Tour Locations | Historical Pubs of London: A Tipply Trundle Through Liquid History
Ye Olde Cheshire Cheese Pub
Once you've found the hanging lantern for Ye Olde Cheshire Cheese let's stop here, spin round and enjoy the magnificent view. It's a view unchanged for hundreds of years, and you might notice the modern skyscraper just to the left of St.Paul's cathedral. The new "Cheesegrater" tower has been forced to lean out of the way like an embarrassed relative at a family photograph, preserving the unimpeded view of the cathedral dome on this historic sight line starting from right outside the pub. It highlights the importance of the cathedral, but more importantly the gravitas of the pub that we are about to enter.
Entering this pub always offers the best of times and the worst of times for Ye Olde Cheshire Cheese stars in "A Tale of Two Cities" as the first place Charles Darnay visits to recruit his strength with a simple supper and a few fine wines after escaping trial for high treason at the Old Bailey.
So Dickens was a regular, with Sir Arthur Conan Doyle, Mark Twain, Theodore Roosevelt and Walt Disney also all darkening this door over the years. The original pub dates back to the mid 1500's but what we see today was rebuilt with immediate effect after the Great Fire in 1667.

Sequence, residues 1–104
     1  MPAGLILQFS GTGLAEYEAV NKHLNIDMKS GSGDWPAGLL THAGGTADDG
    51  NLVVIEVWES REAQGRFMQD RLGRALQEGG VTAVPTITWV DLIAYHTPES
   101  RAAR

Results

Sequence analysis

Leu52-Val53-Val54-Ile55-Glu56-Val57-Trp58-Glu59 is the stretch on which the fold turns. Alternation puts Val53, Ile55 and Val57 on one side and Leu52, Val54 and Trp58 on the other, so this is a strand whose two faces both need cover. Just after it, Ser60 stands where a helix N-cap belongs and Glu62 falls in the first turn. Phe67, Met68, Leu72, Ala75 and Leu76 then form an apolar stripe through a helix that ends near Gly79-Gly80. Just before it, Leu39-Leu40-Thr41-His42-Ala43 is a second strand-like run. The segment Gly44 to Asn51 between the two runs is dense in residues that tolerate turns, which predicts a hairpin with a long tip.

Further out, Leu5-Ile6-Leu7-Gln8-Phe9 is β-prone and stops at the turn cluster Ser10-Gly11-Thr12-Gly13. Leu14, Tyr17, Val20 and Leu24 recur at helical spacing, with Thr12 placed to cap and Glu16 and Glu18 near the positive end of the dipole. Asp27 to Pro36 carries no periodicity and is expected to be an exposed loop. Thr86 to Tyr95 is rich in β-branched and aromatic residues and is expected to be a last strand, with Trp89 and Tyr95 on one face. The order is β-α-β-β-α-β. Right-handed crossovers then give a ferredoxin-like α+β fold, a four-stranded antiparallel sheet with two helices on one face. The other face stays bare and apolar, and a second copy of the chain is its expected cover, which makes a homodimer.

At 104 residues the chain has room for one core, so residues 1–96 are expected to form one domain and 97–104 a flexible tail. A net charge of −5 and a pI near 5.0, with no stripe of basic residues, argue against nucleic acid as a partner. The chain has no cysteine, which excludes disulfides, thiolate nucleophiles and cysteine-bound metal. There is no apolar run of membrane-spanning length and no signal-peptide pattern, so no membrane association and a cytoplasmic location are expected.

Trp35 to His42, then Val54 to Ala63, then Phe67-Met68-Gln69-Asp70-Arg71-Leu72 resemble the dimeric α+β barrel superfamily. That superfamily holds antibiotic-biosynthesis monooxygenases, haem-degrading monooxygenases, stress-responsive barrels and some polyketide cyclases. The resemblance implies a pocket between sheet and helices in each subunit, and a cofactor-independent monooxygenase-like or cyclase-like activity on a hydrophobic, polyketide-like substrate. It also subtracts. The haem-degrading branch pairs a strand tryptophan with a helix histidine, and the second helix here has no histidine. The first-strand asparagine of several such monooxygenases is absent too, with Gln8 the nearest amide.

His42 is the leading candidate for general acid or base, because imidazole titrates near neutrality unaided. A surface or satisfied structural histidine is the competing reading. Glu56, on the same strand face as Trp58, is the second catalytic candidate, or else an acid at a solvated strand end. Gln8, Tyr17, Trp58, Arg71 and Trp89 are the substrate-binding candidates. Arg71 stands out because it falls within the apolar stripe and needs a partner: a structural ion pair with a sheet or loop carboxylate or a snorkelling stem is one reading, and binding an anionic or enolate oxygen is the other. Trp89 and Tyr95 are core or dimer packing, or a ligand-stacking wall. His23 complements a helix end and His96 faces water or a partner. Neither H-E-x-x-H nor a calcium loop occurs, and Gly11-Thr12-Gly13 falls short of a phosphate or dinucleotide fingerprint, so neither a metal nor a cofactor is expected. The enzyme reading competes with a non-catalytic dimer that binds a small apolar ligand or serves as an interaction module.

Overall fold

Let’s head through the tunnel to the front door, enjoy the list of monarchs who've reigned over the pub since it first opened its doors and prepare to enter this time capsule of tipples.
Now, I’m afraid I won't be joining you inside the pub as there is a ban on technology including phones and laptops. This allows the traditional mix of beer and conversation to set the tone. Things to look out for are the "Gentlemen Only Bar" just inside on the right, where you’ll find Polly the Parrot still keeping watch behind the bar since passing away in 1926.
The pub has seven storeys of bawdy and literary history to explore, so watch your head as you descend down into the basement bar. It's like drinking under Communism at The Cheese with no brands or drink varieties other than the incumbent brewer Samuel Smith from Tadcaster. It's his way or the high way in here, so perhaps opt for the humble Old Brewery Bitter served from traditional oak casks or the coffee-rich stout for a fuller flavoured pint. Mmm. I'm beginning to lick my lips just thinking about it. All this talking has left me rather parched.
I think it’s time for you to grab a drink and start the elbow-bending activity! You can leave the app running if you're popping in for a quick peek. Or if you plan on spending some time here, you can close off the tour by pressing “End Tour” in the top right of the screen. When you're done, come back outside and start it again by choosing “Resume”. Once you’ve exited, I'll meet you further along this alley in the courtyard where we'll be heading left into Gough Square. Now push open that door and enjoy your drink in this iconic alehouse!